We worked closely together for the passage of the Central Valley Project Improvement Act (CVPIA) of 1992, for the removal of Klamath dams, against the peripheral tunnels, against the approval of genetically engineered salmon, against the privatization of the oceans, and most recently, in the campaign opposing Governor Jerry Brown’s Proposition 1 water grab.

Zeke's organization also participated in the protests against the WTO meeting in Seattle in 1999, as well as the protests and forums at the WTO Agricultural Ministerial in Sacramento in June 2003.

Whenever I wanted to get a good quote for a story, I would call Zeke. One of his best quotes was in 2006 when the Bush administration was trying to close down the salmon season in a cynical move to allegedly “protect” Klamath River.

Zeke famously pointed out that without efforts to address the root causes of the salmon fishery's decline, “Putting fish back into a river that's killing them makes as much sense as tossing virgins into a volcano."

I also called Zeke last year about his take on a bill sponsored by Senator Hannah Beth Jackson to protect a marine protected area, the Vandenberg State Marine Reserve, from oil drilling, due to loopholes in both the California Coastal Sanctuary Act and the Marine Life Protection Act Initiative. Grader, who supported the bill, pointed out how the very need for the bill "highlights what a failure the MLPA Initiative was.”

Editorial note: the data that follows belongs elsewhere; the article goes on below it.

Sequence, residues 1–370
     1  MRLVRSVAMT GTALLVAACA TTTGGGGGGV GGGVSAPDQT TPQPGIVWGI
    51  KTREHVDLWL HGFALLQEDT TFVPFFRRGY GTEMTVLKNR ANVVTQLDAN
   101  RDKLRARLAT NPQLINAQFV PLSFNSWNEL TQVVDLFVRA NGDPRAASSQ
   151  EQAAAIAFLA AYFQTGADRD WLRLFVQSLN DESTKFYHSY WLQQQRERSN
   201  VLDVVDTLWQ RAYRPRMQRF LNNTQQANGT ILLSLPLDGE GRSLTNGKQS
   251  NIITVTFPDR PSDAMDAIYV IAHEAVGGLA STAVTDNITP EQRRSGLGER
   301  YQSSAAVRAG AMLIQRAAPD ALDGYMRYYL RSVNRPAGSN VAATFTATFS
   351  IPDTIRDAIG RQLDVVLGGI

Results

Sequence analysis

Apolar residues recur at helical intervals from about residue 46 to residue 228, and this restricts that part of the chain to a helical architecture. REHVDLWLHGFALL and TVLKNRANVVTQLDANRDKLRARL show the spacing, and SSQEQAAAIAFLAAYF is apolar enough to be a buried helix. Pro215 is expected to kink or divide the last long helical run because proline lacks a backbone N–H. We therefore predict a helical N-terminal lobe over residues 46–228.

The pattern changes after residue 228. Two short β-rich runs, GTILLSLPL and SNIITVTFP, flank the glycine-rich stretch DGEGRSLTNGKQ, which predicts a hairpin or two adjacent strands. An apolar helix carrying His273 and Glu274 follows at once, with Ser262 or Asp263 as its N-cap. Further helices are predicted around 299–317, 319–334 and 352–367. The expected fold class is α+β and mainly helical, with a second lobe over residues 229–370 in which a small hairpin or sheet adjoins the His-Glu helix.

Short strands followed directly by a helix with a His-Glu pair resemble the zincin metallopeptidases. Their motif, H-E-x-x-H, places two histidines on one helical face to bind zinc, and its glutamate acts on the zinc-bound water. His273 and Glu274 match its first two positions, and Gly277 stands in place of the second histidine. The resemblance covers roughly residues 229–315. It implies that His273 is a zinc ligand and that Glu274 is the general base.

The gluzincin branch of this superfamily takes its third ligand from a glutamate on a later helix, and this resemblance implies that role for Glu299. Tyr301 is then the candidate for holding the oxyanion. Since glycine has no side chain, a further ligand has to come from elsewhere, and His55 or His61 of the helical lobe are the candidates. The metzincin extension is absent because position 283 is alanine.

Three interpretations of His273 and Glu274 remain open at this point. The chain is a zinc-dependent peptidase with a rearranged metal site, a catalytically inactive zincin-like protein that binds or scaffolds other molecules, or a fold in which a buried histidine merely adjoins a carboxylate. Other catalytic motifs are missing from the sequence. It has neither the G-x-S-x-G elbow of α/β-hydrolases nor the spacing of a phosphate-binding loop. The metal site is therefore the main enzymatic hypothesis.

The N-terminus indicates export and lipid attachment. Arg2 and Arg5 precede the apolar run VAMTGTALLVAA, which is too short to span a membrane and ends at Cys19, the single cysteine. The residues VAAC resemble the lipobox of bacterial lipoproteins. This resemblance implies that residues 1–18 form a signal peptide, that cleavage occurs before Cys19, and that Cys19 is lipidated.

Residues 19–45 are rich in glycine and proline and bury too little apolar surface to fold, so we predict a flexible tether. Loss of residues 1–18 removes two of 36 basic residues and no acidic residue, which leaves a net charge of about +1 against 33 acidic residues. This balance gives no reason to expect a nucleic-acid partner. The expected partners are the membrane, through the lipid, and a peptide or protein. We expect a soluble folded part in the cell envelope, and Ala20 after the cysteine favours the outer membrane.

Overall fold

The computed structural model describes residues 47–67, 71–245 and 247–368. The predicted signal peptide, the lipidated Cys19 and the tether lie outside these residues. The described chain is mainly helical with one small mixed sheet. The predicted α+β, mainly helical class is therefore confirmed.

“If these are true marine protected areas, they why are we allowing drilling and other insults to the ocean in them?” asked Grader. “The whole MLPA Initiative was a phony process that provided an opportunity for Big Green and government bureaucrats to write press releases claiming these were ‘protected areas’ when in reality the fishermen and Tribes got screwed. We should have bans on oil drilling in all of the marine protected areas."

Grader started as a youngster in the family seafood distribution and marketing business, the Grader Seafood Company in Fort Bragg, where in order to protect their resources, they began to think about sustainability in California - back in the 1950s. The salmon restoration effort toward sustainability started in California around 1956.

“If it wasn't for this early initiative, we might not have salmon in this state, because development pressures would have just destroyed the fish had there not been a consortium of commercial and sport fishermen,” commented Mary Jane Schramm, a spokesman for NOAA Gulf of the Farallones National Marine Sanctuary. “There weren’t many conservationists or fishery biologists around back then.”